…then the Wit and Wisdom of Writers…

Kate Haworth is a great lecturer- warm, funny, thoroughly at ease with her content and abe to express ideas powerfully – with humour, and with diagrams, pictures and props.

On the first night of Auckland Writers’ Festival Week she presented her ideas about the need for us to move , world-wide, towards Doughnut Economics. She draws on the work of feminist and environmental economists, and presents a very convincing view of why we need to change our ways of thinking about economic systems if we want to save the planet, and people.

Her presentation was a stunning start to Waituhi o Tamaki – Auckland Writers’ Festival.

Rather than trying to paraphrase her work or summarise her book, Doughnut Economics, we urge you to watch this youtube presentation:


Other outstanding presentations at Waituhi o Tāmaki…

Vincent O’Malley delivered a powerful summary of his book The New Zealand Wars – Ngā Pakanga o Aotearoa to a full ASB Theatre. He is passionate about us all making an effort to learn our history, by reading, and visiting historic sites.

It was clear from audience reaction that many New Zealand people- especially Pakeha- know little except the few platitudes (often lies) that we were taught at school. O’Malley recommends asking local schools to include the wars in their teaching, and audience applause suggests that there is real support for the teaching of an honest history in schools today.-

This new book, The New Zealand Wars, is a sequel to his detailed account of the Waikato wars, The Great War for New Zealand. It is a must-read for every Pakeha. Although we have both read the work of James Belich, Claudia Orange and a range of others from the 1980s on, O’Malley’s work includes detail of many events of slaughter and land theft by Imperial and Settler forces which were new to us, and can help change understanding and attitudes – important information for dispelling racist assumptions about the disparities between Maori and Pakeha in our society.

We also loved the session Natives: Akala, in which Akala, of Jamaican and Scottish heritage, talked about his life and experience. This talented young man is a hip-hop artist, poet and historian, and founded the Hip-hop Shakespeare Company, as well as writing a major non-fiction work, Natives: Race and Class in the Ruins of Empire. A dynamic, informative and challenging hour with expert non-invasive facilitation by Selina Tusitala Marsh And if you are interested in his rapping, or his writing for children, or his Shakespearean interests, just google his name.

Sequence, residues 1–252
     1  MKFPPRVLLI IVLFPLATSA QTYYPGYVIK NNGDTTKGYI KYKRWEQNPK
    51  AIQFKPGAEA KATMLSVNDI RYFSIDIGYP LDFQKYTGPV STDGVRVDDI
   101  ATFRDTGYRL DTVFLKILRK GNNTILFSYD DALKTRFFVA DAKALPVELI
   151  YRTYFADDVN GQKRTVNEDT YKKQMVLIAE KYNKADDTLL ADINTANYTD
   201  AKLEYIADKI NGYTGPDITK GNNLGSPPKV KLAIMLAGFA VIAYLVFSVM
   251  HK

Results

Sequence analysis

As well as the sessions we attended together, we enjoyed some separately.

Tanya found novelist Kamila Shamsie outstanding as a speaker and for her thoughtful and wise analysis of racism in society, and I loved the session with Rene Watson (from Portland, Oregon) and our own Lizzie Marvelly on their writing for young women. While both have had shocking experiences of on-line abuse for their work, both remain strong, clear and feisty in their support for girls and young women (and not-so-young, too – our audience was enthusiastic about their ability to tell it like it is, and their writing.) Carol Beu was the ideal facilitator, too.

And I indulged in two more sessions by outstanding women.

Eugenia Cheng ( a professor of mathematics at Chicago University, working in the Art Faculty, and a very capable musician too) on The Art of Logic (the title of her latest book- she has also written Beyond Infinity and others), delighted us with her intellect, wit and warmth. She talked about how to use mathematics – especially mathematics as a system of analogies – as a way of challenging illogical thinking and reducing conflict in society as a result. It may sound unlikely, but she persuaded a very diverse and enchanted group!

Marilyn Waring
Eugenia Cheng

Marilyn Waring CNZM (former National MP and now Professor of Public Policy at AUT) was interviewed by facilitator Dr Jennifer Curtin. In her calm, measured way she described the most appalling aspects of male MP behaviour without personal rancour, and acknowledged warmly the immense support she received from some male colleagues and many women. Her responses to Jennifer’s questions were deeply perceptive, and very funny at times.

Marilyn talked about the contents of her long-awaited autobiographical account of her nine years in parliament, from 1975-84, The Political Years, and read some extracts. Her book is a must-read for anyone wanting to know more about the strange workings of our parliament, and also more about why Marilyn has never re-entered the parliamentary system.

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